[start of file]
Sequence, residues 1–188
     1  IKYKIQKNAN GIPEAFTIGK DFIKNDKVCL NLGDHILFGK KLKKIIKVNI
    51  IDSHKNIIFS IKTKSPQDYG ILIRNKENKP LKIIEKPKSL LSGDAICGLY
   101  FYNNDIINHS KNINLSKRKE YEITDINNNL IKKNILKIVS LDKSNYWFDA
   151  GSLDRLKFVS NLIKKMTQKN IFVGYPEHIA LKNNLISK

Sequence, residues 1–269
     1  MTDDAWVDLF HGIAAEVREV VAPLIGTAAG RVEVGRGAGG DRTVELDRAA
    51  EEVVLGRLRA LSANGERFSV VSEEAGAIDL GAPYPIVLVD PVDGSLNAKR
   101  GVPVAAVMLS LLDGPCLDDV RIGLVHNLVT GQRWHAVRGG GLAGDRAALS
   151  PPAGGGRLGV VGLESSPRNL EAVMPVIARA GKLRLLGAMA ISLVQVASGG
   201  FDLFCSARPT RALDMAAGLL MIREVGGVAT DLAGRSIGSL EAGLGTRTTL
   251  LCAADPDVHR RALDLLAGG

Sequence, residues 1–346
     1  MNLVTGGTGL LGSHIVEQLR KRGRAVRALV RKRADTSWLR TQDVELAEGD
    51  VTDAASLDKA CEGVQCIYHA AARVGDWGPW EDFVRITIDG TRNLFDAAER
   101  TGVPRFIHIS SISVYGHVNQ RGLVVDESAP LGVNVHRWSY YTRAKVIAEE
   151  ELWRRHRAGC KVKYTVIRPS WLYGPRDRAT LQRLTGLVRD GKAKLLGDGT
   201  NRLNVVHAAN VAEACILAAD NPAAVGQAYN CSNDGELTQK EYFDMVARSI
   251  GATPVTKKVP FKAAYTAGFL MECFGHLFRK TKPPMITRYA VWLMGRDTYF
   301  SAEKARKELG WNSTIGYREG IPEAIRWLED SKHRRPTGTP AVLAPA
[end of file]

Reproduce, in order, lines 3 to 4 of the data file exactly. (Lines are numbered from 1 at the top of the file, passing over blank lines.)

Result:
    51  IDSHKNIIFS IKTKSPQDYG ILIRNKENKP LKIIEKPKSL LSGDAICGLY
   101  FYNNDIINHS KNINLSKRKE YEITDINNNL IKKNILKIVS LDKSNYWFDA